“We all paid”. On the relationship between the AUC and Colombian and foreign businessmen, he declared that “all the banana companies paid us (nine cents per box)”, but that was not the only industry implicated. He also stated that, as president of Fenalco, “Sabas Pretelt came to see us on behalf this country’s industrialists”. He also said that “the banks took part in laundering money from the drug traffic”. All the strategic sectors were implicated, “including the transport union”.
On supposed links between the AUC and the armed forces, Mancuso stated that the relationship was not limited solely to passive complicity, nor a simple strategic alliance, “but rather, in some cases, joint operations were undertaken”.
Complete version. Mancuso assured that he will tell everything, in all detail, in the deposition he is to make next Tuesday, in spite of the security problems he says he faces. “They want to silence us”, he said, adding that the AUC commanders have constantly received threats, some in the form of letter-bombs, to prevent them from talking, confessing their crimes and implicating third parties.
Betrayals in a meeting between bitterest enemies
Opinion by Natalia Springer
Exclusive for Un Pasquín
“Remember one thing: I am not a journalist. You know that my area is justice and security and that I work in the human rights field. I have not come for you to tell me secrets nor to spread scandals. My concern is to bring criminals against humanity, like yourself, to justice and ensure that they pay for what they have done. I want it to be quite clear: if you go on refusing to cooperate with justice, I assure you that the next time we meet will be in the International Court”. Those words were the first warning I gave to Salvatore Mancuso at the start of this interview.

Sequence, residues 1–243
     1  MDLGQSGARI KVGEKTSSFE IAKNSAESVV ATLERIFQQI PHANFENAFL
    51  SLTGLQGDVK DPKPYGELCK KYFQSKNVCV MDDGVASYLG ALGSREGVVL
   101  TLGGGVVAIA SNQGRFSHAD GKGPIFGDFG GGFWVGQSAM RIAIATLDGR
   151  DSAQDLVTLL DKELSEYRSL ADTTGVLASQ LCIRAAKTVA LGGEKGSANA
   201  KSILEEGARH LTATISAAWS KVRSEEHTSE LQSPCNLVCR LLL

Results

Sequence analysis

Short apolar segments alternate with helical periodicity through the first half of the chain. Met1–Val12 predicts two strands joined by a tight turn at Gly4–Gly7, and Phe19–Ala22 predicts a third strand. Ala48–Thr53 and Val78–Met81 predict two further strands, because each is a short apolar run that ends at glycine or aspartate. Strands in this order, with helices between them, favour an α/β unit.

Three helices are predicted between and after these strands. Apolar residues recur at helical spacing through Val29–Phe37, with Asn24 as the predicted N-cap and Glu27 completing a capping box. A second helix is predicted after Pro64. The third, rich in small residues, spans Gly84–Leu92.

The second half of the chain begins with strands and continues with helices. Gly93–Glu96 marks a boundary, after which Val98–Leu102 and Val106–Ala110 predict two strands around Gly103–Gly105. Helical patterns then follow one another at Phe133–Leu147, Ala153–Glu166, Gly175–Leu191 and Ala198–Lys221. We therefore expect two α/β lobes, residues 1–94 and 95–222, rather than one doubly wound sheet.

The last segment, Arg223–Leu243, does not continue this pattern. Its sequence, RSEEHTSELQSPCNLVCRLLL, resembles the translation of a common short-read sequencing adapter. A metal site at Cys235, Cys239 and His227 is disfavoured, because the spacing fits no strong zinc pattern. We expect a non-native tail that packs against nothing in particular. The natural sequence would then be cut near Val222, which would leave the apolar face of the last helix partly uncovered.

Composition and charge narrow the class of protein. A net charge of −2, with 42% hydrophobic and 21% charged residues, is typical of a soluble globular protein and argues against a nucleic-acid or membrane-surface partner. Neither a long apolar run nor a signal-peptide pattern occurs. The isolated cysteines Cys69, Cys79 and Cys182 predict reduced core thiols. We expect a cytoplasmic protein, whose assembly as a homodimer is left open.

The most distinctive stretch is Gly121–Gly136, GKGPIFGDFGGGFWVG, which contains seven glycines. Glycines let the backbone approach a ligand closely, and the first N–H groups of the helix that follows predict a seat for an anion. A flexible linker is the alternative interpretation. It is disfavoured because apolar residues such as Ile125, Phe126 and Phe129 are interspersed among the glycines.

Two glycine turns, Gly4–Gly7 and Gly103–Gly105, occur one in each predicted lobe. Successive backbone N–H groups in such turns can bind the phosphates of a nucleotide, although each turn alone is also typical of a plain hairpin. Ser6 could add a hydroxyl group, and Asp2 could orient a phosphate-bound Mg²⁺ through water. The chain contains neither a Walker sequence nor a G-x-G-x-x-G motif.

For that reason, that morning as we flew through the skies of Antioquia in search of a clearing to land in, I put my life in order, as I always do, and went over the purposes of the meeting.
This interview grew out of the obligation to explore the responsibilities of paramilitary groups in recruiting and using children in the conflict. That exploration forms part of an investigative effort that I direct from abroad for the Maya Nasa Foundation, and is intended to promote a policy that will have a decisive effect on how this phenomenon evolves. The use of children for purposes of war is more alarming today than at the worst moments of the war. The guerrillas have resorted to using children on a massive scale for all kinds of war operations, and it is known that child recruitment to form the new self-defense groups has occurred on a massive scale in regions like Los Montes de María, historically controlled by Mancuso.
However, that was not the only purpose. I also went to ask him what the prosecutors of the Justice and Peace Unit have not been able to. Mancuso has deliberately tried to avoid making a statement and has resorted to all kinds of tricks to delay the hearings and sabotage a legal process that is excessively generous precisely because it is based on cooperation.
My third and final purpose was to learn the real status of these negotiations. Exactly what has been negotiated; what they have been promised and why; whether the negotiations are ongoing; and what the undertakings and rules of play were in arranging those meetings. However, I was also clear that – very much despite my strong opposition to the way this process has been handled – I had not gone there to discredit the Peace Commission nor the government representatives.
That meeting was just the most recent episode in a long and difficult personal history. More than 15 years ago I understood that I could not shut my eyes and pretend that nothing was going on in Colombia. It happened precisely during a trip through the Chocó: I knew then that I would devote my life to serving those who suffer most. On that conviction I have served in several countries for all these years. The costs of that decision are many. In particular, advocating for a transparent peace process with justice, truth and reparation in Colombia has greatly affected my personal safety. The threats from all the stakeholders are constant, and for just over a year now not a week has gone by without my getting one or two letters with strongly worded messages and explicit threats.
I have never kept silent. On the contrary, I am just increasingly convinced that justice is the only path to peace in Colombia. Nor have I followed the recommendations not to return to Colombia. I was born free. I am a free woman and will die that way.
Those were exactly the purposes of the visit and that was my state of mind when I arrived at the Itagüi maximum security prison accompanied by an assistant to meet Salvatore Mancuso, also accompanied by one of his advisors and a relative, in the intimacy of his prison cell, last Tuesday, 7 May, 2007.